I have a 15 month old boy.  He’s got himself a mouth full of teeth and it makes his dentist father proud!  The dentist in me wants him to never eat a sweet and limit his eating to only meal times.  The dad in me wants him to be happy and sometimes wants to give him a bottle to get him to nap!  So what’s a guy to do?

There’s some pretty interesting research out there that’s answering the questions about the best way to start junior’s oral health out on the right foot.  Here’s some of the high points:

  • Tooth decay is a transmissible disease caused by bacteria in the mouth.
    • Just like a cold, a child can get cavity bugs from someone else.
    • Transmission is through “salivary contact.”  Yup, that’s pretty gross but lets face it, sometimes you share a spoon with your little cherub or you kiss on them. It happens!
  • There is a strong (but not perfect) relationship to the bacteria that colonize a child’s mouth and the bacteria in the mother’s mouth.  Usually a child gets their cavity bugs from Mom.
  • Frequent exposure to sugary foods is the main dietary cause to tooth decay in children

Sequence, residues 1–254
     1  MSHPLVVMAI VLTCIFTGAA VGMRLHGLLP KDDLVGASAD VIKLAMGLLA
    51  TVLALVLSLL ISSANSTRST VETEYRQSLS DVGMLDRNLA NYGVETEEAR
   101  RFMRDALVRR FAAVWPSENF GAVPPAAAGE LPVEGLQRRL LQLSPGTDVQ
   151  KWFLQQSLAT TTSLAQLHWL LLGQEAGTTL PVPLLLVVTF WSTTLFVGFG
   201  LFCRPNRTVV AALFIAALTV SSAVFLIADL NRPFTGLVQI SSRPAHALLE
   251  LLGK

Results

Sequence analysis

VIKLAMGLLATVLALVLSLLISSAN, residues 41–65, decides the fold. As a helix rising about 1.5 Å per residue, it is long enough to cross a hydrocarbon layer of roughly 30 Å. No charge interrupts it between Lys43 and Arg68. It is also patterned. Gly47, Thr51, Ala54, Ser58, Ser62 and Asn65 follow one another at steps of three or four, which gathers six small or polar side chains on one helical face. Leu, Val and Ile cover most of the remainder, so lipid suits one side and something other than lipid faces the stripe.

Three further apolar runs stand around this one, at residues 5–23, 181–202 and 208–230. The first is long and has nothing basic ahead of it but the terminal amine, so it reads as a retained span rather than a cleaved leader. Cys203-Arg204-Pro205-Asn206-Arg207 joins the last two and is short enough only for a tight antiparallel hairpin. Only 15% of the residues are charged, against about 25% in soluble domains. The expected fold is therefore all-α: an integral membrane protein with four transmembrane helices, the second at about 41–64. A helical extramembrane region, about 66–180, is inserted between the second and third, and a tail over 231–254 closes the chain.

What does it all mean.  Here’s what I take away from it:

  • Mom and Dad need to take care of their teeth.  If Mom or Dad have cavities, they should take care of them quickly.  If you don’t know if you’ve got cavities, you need to find out!  How can you find out?  We’ve got appointments available immediately!  Call us at: (989) 799-9133.
  • Stay away from sugary drinks and snacks.  Even fruit juice or processed fruit baby foods are high in sugars that can cause cavities.  Some of these foods have added sugar and many of them have concentrated the natural sugars through processing.  If you’ve ever had a drink of apple juice from the bottle you’ll know what I’m talking about.
    • One 8 oz. serving of apple juice has 26-30 grams of carbohydrates (“sugars”) vs. one 8 oz serving of Coca Cola has 27 grams of carbohydrates (“sugars”)
  • Water down juice given to a child.
  • Give your baby/children milk to drink.  It has the least “bad sugars” and may even be protective of teeth
  • Don’t get in the habit of having your children snack a lot between meals.  When they do, limit their snacks to non-sugary things
  • Don’t give your baby a bottle to go to bed!

Love those babies, but love their teeth, too!  If you have any questions or comments feel free to comment at the bottom of this entry or email me at alan@meadfamilydental.com.

For some more reading on the subject I highly recommend this article from the American Academy of Family Physicians.